It’s not a bad book, overall, and August’s story (he’s a real person) is a good one to tell. My only problem is that this is really three books. The first book: August’s story back in Vienna. How did he become a part of the resistance? What was it that caught his eye? What was it like being a Jew in Vienna in the early 19th century? So many questions glossed over. The second book is August’s journey to America and perhaps his joining the Browns in their fight against slavery. And the third is August’s time in the Civil War. It’s not that Barnhart can’t write (he can, actually; there were parts of this that were quite interesting), it’s just that he tried to do too much in such a small book and I feel like it would have been better served spreading it out. (And I never think that!)

But it is a good story to tell; it’s always good to hear the lesser known stories of history. (Even if they are more white male stories.) And the fact that it’s set here in Kansas is good as well. But I feel like it could have been better.

Gone With the Wind

by Margaret Mitchell
First sentence: “Scarlett O’Hara was not beautiful, but men seldom realized it when caught by her charm as the Tarleton twins were.”
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Content: There’s mild swearing, and a LOT of the n-word. Take it for what you will. It’s in the adult fiction section of the bookstore.

I first read this when I was 15 or 16. I don’t remember why I picked it up, just that I did. I don’t remember what I thought of it, but it couldn’t have been much, since I really had no desire to ever visit it again. (I think I’ve seen bits of the movie.)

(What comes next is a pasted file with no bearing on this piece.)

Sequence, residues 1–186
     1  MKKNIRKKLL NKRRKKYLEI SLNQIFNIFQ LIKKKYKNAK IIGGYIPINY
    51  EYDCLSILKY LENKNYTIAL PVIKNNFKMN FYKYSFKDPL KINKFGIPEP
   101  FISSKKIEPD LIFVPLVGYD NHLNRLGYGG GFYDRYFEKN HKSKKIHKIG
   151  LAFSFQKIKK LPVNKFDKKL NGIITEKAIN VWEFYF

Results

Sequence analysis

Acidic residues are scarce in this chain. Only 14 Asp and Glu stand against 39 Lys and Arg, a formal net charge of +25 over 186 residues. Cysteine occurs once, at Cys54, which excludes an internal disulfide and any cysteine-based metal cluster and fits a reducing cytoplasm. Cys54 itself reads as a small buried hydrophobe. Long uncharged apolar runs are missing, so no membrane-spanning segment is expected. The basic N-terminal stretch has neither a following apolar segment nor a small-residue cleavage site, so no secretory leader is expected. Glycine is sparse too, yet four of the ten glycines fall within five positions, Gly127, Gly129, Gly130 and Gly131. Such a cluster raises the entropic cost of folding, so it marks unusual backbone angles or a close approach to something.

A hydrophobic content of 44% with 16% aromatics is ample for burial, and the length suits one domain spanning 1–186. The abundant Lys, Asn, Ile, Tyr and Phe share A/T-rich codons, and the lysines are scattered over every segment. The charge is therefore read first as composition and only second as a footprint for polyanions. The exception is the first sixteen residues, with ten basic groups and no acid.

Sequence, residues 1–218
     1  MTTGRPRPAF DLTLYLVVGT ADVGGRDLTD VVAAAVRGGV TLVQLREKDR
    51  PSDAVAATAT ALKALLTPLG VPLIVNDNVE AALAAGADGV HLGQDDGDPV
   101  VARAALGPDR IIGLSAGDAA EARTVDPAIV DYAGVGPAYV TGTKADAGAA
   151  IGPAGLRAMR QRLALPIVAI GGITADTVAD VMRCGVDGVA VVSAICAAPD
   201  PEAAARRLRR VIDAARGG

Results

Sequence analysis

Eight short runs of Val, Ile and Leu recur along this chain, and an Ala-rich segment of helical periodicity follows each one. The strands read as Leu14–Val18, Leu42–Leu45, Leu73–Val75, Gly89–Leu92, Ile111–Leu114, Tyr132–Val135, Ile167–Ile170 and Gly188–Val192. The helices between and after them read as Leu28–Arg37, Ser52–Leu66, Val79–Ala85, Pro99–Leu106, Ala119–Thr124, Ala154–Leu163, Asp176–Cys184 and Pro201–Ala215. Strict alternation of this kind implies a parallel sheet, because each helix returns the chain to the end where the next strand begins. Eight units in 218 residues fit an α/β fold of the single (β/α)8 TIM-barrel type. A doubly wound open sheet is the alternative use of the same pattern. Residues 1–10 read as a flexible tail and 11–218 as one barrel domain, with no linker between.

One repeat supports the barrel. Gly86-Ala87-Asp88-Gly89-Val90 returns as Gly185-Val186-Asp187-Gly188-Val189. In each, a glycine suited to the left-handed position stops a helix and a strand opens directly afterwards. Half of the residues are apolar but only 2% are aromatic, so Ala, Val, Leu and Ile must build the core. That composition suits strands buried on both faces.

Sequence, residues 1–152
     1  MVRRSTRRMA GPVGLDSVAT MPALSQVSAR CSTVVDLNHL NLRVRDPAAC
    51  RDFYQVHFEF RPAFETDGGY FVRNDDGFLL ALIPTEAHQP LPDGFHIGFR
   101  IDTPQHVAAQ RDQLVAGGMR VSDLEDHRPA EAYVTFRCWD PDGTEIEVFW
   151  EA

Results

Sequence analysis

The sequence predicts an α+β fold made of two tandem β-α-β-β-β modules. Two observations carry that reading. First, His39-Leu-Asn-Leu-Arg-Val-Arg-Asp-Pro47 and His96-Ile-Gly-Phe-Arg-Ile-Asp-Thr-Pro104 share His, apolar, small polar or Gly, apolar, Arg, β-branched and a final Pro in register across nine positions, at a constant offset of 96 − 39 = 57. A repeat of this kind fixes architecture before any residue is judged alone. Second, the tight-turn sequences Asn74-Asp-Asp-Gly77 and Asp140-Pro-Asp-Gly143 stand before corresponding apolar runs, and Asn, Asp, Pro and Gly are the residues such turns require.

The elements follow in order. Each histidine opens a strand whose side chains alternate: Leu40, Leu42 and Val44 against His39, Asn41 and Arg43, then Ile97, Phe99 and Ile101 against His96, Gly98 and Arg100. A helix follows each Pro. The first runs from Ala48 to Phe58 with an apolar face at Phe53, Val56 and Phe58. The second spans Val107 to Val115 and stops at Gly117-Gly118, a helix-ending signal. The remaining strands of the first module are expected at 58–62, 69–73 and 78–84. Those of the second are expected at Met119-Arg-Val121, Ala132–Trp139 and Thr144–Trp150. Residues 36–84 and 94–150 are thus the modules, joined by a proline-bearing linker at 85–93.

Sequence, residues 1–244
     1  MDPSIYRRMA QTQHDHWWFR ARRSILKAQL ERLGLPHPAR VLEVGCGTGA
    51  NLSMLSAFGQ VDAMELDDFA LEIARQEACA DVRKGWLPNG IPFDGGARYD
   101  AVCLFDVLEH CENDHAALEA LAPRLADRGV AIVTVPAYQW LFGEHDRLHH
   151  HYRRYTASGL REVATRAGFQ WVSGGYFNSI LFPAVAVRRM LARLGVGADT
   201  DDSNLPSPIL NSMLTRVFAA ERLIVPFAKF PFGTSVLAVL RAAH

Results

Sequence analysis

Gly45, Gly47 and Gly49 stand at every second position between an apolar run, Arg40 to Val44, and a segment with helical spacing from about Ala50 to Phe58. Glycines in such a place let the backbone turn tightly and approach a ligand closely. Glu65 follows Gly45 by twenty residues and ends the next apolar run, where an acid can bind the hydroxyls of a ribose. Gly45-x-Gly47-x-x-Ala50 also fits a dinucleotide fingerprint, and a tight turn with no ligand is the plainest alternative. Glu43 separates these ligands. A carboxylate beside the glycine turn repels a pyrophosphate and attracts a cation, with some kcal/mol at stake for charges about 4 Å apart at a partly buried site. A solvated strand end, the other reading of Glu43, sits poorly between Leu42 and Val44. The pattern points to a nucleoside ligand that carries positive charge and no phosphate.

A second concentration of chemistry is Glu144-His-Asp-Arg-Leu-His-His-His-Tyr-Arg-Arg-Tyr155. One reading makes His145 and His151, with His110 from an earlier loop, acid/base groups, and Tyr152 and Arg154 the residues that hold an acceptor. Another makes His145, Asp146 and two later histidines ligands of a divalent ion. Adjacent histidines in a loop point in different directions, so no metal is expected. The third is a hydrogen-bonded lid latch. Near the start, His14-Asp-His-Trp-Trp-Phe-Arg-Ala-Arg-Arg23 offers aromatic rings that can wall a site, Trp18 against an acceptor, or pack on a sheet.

We picked this one for my in-person book group, partly because no one had read it in a long time, and partly because Samantha Ellis wrote about it in How to Be a Heroine. And so I began the slog.

Because it was a slog. It’s so sexist and racist, I couldn’t stand to read it for long periods of time. It really is Old South — and there’s still a lot of the Old South in the south — and that’s just hard for me to understand. Eventually, I took to looking at it as a sociological study: why was the Old South the way it was. Why couldn’t they shake their prejudices and adapt? Why were they still stuck in the Way Things Were and that’s they way They Always Should Be?

And Scarlett… on the one hand, she’s an incredibly feminist character: a person who is willing to do what needs to be done, in the face of the Patriarchy and Public Opinion; a person who flies in the face of convention. It’s amazing how modern she is.

But she’s also mean and cruel and opportunistic. And hung up on a fantasy that she needed to move past.

Maybe, though, that’s the point? That only the cruel people are successful? I don’t know.